The Department of Treasury and the IRS have issued final regulations related to Regulated Investment Company (RIC) qualification testing for RICs invested in foreign corporations treated for U.S. federal income tax purposes as controlled foreign corporations (CFCs) or passive foreign investment companies (PFICs). The final regulations are an about-face from the original IRS position in proposed regulations released in September 2016. The final rule, effective March 19, 2019, allows a RIC invested in CFCs and PFICs to treat the required CFC inclusion or PFIC inclusion (for Qualified Electing Funds, or QEFs), respectively, as qualifying income for purposes of a RIC’s gross income test.
For U.S. tax purposes, a CFC is defined as a foreign corporation where more than 50% of the total combined voting power of all classes of stock of the corporation or the total value of the corporation are owned by U.S. shareholders, including RICs, during any day of the foreign corporation’s taxable year. A RIC will commonly own a CFC to gain exposure to investments that may not ordinarily meet a RIC’s income and diversification requirements if held directly by a RIC. A RIC is allowed to invest up to 25% of its total assets in any one corporation, including a CFC, and is limited to investing up to 25% of its total assets in corporations it controls. U.S. shareholders of CFCs are required to include their pro rata share of taxable income from the CFC, known as a subpart F inclusion, in their gross income on the last day of the CFC’s taxable year.
A PFIC is a foreign corporation where at least 75% of the corporation’s gross income is from passive sources or at least 50% of the corporation’s assets produce passive income. Typically a RIC will make a mark-to-market election with respect to its investments in a PFIC. Alternatively, a RIC is also allowed to make a QEF election. In the latter case, the RIC includes in its taxable income its pro rata share of ordinary income and net capital gain from the PFIC. A RIC is subject to the same 25% of total assets limitation with respect to investments in PFICs.
The proposed regulations from 2016 required the CFC (or PFIC) to make a distribution to the RIC in the amount of the subpart F inclusion (or QEF inclusion) for that amount to constitute “other income,” which qualifies for purposes of the RIC’s 90% gross income test. If the distribution was not made, the proposed regulations treated the required inclusion as non-qualifying income to the RIC, which if greater than 10% of a RIC’s gross income (combined with other non-qualifying income) would cause a failure in the RIC’s qualification tests and subject the RIC to corporate tax.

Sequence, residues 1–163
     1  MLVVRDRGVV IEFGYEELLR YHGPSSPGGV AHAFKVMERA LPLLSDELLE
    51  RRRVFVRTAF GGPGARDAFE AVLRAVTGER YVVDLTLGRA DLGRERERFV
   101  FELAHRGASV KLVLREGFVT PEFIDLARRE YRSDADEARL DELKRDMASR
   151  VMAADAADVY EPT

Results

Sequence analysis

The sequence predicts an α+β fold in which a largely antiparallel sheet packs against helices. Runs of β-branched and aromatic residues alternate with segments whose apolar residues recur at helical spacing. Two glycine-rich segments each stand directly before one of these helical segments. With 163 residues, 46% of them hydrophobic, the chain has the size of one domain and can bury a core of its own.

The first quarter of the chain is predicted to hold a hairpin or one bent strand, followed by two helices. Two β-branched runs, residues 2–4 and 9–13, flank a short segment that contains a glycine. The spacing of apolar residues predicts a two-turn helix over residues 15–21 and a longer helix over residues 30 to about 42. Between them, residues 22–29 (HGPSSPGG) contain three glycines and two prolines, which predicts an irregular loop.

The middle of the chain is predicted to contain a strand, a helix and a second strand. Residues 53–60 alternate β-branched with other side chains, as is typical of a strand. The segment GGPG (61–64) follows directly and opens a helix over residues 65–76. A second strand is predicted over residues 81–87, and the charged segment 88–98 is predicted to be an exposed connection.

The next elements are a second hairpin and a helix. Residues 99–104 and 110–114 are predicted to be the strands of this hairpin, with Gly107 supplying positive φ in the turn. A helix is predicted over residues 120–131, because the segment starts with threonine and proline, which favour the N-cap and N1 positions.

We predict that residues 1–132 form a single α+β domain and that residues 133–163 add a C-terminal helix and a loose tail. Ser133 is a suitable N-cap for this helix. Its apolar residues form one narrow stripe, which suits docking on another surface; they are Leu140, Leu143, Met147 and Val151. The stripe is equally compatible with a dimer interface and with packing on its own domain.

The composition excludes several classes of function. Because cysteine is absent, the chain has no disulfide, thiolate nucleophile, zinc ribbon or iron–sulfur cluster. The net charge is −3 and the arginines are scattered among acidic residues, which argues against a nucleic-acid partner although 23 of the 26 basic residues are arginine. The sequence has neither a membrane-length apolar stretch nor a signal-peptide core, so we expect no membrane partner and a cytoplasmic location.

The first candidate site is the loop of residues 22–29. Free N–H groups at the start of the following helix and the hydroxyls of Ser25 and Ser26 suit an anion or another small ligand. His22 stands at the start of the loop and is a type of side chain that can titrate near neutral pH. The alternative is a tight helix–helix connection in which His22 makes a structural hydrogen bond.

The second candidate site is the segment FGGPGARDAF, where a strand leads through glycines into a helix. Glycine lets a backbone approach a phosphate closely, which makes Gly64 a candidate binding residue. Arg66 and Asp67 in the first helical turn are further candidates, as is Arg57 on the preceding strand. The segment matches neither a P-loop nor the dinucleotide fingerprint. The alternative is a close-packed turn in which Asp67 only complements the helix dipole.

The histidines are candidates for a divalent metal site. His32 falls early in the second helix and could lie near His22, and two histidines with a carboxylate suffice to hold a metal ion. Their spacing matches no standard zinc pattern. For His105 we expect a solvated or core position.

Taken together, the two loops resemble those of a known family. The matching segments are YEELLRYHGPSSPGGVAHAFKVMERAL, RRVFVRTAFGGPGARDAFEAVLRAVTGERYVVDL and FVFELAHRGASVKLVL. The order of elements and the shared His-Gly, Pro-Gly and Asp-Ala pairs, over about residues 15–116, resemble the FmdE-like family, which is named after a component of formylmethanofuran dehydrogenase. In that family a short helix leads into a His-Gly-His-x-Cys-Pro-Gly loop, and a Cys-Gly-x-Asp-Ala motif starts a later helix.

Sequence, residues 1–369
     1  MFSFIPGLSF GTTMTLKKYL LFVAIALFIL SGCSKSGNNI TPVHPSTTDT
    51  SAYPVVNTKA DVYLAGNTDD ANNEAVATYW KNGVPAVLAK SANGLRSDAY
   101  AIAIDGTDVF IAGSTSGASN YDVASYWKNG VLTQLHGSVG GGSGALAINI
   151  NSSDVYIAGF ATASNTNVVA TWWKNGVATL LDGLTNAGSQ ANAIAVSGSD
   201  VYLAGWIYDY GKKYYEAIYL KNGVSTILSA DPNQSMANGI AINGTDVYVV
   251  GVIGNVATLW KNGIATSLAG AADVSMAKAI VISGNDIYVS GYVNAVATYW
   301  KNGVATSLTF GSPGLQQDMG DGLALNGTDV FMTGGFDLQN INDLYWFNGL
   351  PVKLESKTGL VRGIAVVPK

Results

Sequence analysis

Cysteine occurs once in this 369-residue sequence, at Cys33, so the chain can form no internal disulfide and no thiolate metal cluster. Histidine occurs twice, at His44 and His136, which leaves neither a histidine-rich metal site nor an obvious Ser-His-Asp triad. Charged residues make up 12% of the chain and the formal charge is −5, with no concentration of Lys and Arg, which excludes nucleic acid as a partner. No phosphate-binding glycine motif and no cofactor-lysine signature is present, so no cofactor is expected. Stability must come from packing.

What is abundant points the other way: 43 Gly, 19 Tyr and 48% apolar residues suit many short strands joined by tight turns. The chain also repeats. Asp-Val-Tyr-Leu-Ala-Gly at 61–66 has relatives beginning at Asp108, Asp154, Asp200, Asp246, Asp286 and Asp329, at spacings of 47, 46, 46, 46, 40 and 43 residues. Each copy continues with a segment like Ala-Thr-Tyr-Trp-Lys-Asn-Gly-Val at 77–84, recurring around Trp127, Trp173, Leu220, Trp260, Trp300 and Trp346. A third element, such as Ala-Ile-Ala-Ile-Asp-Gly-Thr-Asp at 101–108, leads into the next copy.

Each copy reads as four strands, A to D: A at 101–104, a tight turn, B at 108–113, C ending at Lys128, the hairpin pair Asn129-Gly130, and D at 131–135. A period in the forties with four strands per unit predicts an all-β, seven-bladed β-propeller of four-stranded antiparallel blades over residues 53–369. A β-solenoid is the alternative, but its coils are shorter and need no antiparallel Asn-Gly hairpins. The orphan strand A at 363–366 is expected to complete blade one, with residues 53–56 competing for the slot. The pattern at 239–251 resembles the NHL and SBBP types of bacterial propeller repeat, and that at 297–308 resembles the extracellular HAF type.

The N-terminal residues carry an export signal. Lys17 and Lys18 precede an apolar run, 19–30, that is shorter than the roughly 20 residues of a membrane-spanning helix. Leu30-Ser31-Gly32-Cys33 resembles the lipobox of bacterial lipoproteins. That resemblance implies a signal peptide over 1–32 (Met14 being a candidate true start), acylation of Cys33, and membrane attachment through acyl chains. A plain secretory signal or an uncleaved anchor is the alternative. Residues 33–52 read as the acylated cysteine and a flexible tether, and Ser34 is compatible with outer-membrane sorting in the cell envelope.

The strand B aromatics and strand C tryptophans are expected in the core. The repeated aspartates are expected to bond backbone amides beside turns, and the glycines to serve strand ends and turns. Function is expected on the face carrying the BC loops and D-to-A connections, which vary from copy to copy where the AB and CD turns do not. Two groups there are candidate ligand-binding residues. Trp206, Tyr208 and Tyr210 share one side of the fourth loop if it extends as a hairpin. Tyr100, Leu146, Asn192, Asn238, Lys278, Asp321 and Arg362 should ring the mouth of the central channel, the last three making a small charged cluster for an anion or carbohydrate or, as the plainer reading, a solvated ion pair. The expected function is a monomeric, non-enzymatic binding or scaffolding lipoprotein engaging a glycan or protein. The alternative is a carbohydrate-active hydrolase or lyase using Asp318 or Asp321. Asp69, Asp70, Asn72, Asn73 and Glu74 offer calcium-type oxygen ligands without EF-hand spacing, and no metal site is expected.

Treasury and the IRS received several comments on the proposed regulations. All of them recommended they reconsider the requirement that a distribution be made from the CFC (or PFIC) to the RIC for the required inclusion to qualify as “other income” for purposes of the 90% test. The commentators noted that requiring a cash distribution could create unintended consequences for the RIC, especially in a situation where the RIC may not have full control of the timing of any distributions made from the CFC (or PFIC). As a result, Treasury and the IRS issued final regulations providing that as long as the required inclusion is derived with respect to the RIC’s business of investing in stocks, securities or currencies, the amount will be treated as “other income” and, thus, would be qualifying income for purposes of the RIC’s 90% gross income requirement. A RIC investing in CFCs (or PFICs) will no longer need to plan for distributions from the CFC (or PFIC) to be assured the required inclusions will be treated as qualifying income to the RIC.
Treasury and the IRS also received comments on the IRS process to issue a ruling on whether a financial instrument or position meets the definition of a security under the Investment Company Act of 1940. The IRS stopped issuing these rulings to RICs in 2016, ending the practice of providing certainty to a RIC on whether or not a particular financial instrument or position would be treated as a security (and thus income from the security is qualifying income to the RIC). The IRS affirmed they will continue the practice of not issuing rulings or determinations in this regard.
Related to this, the IRS also received comments on two revenue rulings issued in 2006 on whether or not derivative contracts would be treated as securities. The rulings clarified that certain types of derivative contracts could meet the definition of a security for purposes of a RIC’s qualification tests, while others may not. The IRS had considered withdrawing these rulings, but decided not to withdraw after comments received by the IRS suggested that doing so would create confusion and uncertainty with respect to investments in derivative contracts by a RIC.
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Cohen & Company is not rendering legal, accounting or other professional advice. Information contained in this post is considered accurate as of the date of publishing. Any action taken based on information in this blog should be taken only after a detailed review of the specific facts, circumstances and current law.
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